There is a US/NATO airbase at Thule in Greenland at 76°31′52″N 68°42′11″W
Tasks assigned to the Joint Arctic Command Denmark, headquartered in the capital Nuuk, include sovereignty enforcement, monitoring sea waters and search and rescue operations.

2. The Icelandic Coastguard operates the Keflavik air base at 63°59′06″N 22°36′20″W Iceland has no conventional armed forces
3. Finland has the northernmost airport in the European Union at Ivalo 68°36′39″N 027°24′50″E Its Border Guard has search and rescue duties, both maritime and inland, and operates SAR helicopters.

• Air assets


Frontex/EU owned (communitaire) air assets will be required. EU companies manufacture SAR helicopters and Maritime Reconnaissance Aircraft (MRA).
The European Air Transport Command, located at Eindhoven Airbase in the Netherlands, which has operational control of 75% of the aerial refuelling capabilities and military transport fleets in the EU – as well as some training – is an alternative mechanism. The European Defence Agency provides a procurement route and further development could take place under the auspices of PESCO. 


• Operations and overflight


Access to the Northern Sea Route for SAR and MRA from Finland would require overflight arrangements with Norway. One way of facilitating with might be the Under the NORDEFCO Memorandum of Understanding, third party collaboration is possible. Section 7 states that "Nordic Defence Cooperation activities or projects with others than the Participants to this MoU will be based upon a pragmatic approach, as a result of a defined need assessment. The Participants to a specific activity or project will jointly formulate the provisions under which such cooperation may be performed."

• Specialist recruitment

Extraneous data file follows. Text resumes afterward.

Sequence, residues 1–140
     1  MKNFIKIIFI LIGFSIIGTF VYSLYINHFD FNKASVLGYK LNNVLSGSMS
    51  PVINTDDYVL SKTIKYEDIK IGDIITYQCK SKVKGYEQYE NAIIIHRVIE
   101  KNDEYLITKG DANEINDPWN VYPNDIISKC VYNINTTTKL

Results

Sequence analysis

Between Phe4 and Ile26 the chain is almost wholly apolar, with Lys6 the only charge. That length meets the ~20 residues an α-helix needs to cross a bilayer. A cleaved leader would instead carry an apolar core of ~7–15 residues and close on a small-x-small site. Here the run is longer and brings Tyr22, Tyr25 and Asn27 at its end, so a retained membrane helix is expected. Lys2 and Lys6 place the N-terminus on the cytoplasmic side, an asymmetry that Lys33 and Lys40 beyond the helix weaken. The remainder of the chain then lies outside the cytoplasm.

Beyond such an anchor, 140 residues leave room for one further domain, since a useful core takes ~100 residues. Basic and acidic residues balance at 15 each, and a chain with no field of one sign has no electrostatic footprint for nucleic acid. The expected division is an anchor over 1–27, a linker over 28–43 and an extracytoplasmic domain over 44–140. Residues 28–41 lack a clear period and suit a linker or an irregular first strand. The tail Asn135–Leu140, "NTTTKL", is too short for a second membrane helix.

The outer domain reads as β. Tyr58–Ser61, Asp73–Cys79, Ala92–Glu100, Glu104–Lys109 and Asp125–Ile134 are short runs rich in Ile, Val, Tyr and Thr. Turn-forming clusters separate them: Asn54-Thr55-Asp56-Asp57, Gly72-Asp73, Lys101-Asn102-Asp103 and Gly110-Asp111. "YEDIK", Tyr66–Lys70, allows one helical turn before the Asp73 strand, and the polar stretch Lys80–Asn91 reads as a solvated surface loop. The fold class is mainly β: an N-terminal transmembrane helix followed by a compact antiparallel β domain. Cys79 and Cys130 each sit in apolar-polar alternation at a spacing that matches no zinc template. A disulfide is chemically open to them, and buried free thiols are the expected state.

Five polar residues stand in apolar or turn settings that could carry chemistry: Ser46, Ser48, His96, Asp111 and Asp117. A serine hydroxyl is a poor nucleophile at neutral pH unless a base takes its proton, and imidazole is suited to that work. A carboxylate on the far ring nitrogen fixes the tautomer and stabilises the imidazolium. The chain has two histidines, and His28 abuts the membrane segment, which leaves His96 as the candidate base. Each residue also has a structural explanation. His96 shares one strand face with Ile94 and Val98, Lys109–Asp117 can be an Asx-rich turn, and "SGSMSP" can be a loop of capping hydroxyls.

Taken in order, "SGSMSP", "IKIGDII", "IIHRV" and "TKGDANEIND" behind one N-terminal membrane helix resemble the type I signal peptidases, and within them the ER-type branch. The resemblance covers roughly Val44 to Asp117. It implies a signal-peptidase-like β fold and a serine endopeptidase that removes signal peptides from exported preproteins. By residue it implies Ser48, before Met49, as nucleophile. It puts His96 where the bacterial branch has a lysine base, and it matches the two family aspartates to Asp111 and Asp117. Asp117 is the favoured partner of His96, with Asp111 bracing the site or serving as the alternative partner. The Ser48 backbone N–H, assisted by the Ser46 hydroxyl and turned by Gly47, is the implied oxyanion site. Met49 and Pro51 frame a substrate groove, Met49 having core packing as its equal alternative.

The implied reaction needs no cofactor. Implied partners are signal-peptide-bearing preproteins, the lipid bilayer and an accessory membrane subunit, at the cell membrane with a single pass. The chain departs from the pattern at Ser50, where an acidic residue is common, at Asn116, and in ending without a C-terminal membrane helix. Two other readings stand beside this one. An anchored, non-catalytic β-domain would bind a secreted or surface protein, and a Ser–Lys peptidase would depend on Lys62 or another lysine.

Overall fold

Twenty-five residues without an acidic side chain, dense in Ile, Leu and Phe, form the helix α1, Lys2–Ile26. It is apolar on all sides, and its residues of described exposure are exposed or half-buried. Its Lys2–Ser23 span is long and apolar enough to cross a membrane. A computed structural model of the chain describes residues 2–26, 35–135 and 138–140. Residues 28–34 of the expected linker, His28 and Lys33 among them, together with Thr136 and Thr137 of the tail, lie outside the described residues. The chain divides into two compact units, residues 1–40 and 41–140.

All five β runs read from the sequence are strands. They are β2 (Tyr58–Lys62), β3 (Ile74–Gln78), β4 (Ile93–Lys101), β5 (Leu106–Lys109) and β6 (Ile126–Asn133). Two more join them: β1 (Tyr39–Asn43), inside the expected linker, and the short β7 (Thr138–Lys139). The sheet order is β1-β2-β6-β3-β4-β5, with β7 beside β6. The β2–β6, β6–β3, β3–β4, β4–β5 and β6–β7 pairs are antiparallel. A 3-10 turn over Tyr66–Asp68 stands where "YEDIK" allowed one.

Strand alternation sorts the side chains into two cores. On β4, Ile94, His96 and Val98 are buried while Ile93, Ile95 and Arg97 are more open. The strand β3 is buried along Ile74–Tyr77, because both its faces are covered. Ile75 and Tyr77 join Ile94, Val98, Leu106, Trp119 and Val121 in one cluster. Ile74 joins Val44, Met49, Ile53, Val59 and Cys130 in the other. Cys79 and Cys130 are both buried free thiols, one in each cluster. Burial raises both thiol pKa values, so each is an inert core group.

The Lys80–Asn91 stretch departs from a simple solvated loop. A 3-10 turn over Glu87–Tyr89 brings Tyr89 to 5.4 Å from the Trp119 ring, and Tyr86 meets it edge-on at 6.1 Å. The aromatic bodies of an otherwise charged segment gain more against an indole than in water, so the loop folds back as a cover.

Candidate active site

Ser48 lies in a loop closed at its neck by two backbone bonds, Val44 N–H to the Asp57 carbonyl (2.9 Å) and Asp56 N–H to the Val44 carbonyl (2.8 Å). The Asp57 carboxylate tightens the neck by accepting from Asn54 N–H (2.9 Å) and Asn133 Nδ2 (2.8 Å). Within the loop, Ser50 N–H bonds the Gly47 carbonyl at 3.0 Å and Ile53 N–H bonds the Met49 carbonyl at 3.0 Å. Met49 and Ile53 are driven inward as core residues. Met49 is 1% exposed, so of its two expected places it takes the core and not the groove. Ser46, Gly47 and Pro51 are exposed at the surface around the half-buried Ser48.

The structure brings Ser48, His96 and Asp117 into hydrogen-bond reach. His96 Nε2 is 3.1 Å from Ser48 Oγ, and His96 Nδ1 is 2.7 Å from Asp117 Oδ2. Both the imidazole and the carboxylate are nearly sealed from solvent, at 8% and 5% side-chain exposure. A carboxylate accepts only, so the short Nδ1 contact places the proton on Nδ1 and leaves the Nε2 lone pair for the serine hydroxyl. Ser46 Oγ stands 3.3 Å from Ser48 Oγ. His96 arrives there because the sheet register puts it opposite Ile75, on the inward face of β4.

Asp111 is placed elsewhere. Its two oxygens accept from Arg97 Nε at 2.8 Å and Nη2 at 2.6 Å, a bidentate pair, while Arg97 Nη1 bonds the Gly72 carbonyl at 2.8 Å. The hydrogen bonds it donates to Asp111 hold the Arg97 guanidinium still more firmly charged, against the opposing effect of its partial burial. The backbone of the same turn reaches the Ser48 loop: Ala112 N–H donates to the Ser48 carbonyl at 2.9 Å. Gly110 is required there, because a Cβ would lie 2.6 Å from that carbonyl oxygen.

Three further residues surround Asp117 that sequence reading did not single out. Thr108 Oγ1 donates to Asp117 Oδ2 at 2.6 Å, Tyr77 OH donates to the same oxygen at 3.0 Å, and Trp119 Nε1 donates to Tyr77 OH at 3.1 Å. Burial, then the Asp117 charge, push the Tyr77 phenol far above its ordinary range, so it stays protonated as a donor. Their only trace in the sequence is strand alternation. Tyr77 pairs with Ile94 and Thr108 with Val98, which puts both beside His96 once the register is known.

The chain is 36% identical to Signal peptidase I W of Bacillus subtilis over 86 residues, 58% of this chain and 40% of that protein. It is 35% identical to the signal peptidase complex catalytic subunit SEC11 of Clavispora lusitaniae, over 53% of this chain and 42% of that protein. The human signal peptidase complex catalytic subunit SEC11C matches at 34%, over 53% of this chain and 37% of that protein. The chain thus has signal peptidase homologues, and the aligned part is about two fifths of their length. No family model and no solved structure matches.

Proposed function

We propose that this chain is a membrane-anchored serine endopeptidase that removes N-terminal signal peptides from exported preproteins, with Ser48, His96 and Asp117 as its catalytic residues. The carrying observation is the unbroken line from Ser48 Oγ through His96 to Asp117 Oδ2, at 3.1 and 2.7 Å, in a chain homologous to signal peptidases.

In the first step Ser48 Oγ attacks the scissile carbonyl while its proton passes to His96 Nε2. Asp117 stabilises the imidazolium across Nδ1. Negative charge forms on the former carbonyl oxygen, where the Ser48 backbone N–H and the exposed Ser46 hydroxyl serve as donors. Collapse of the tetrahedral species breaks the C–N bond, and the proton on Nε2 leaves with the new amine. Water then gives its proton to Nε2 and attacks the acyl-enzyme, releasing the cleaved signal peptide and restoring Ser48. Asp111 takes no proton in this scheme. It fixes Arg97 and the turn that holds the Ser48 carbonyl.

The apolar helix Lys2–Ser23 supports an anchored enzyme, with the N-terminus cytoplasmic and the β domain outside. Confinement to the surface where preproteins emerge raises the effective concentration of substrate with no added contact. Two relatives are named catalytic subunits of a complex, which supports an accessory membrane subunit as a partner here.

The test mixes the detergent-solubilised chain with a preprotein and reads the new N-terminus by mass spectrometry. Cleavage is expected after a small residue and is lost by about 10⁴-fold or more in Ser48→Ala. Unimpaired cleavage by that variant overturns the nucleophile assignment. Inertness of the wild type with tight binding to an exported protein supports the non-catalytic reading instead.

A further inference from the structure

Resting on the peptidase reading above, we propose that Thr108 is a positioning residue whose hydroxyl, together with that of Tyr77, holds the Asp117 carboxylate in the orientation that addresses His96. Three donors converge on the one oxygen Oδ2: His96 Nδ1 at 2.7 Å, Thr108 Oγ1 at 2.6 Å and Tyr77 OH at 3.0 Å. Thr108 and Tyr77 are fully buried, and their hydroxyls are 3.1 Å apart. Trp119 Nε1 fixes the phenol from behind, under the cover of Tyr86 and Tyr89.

As illustrated, Frontex has a recruitment function. Currently there are surplus commercial pilots (including ones trained during Covid), and offshore helicopter pilots may not have the same future as the EU struggles to meet climate change obligations. ("Wet leases" with commercial companies may also be a short term option) Retraining could be necessary, and in the longer term Frontex could train its own, or task the EATC on its behalf.


• Arctic Coastguards


Securing membership of the Arctic Coastguards Forum is, it is suggested, a primary political objective, but based on capabilities in service rather than aspiration. So while no immediate action may be necessary or even possible, it has to be a strategic goal. In the meantime, close collaboration/liaison with EU nations which are members of the Forum will be essential.


In conclusion


This paper is far from definitive, but shows that early action is feasible, and would powerfully underline the EU's willingness to take practical steps in support of the policies that its Parliament and the Commission support. As has recently been put succinctly :

The citizens of Europe are tired of the strategic babble of their leaders….They should stop talking and start acting – Europe’s strategic autonomy : That obscure object of desire – Frederic Mauro IRIS October 2021

The EU Arctic Strategy presents the first and fastest such opportunity

Author Robin Ashby is curator of the leading defence blog Defence Viewpoints www.defenceviewpoints.co.uk and Rapporteur for the Eurodefense Observatory on the Arctic. The views expressed in this article are however his own


DATA SOURCES
1. The Declaration https://eeas.europa.eu/sites/default/files/2_en_act_part1_v7.pdf
2. The Resolution https://www.europarl.europa.eu/doceo/document/TA-9-2021-0413_EN.html
3. Frontex website https://frontex.europa.eu/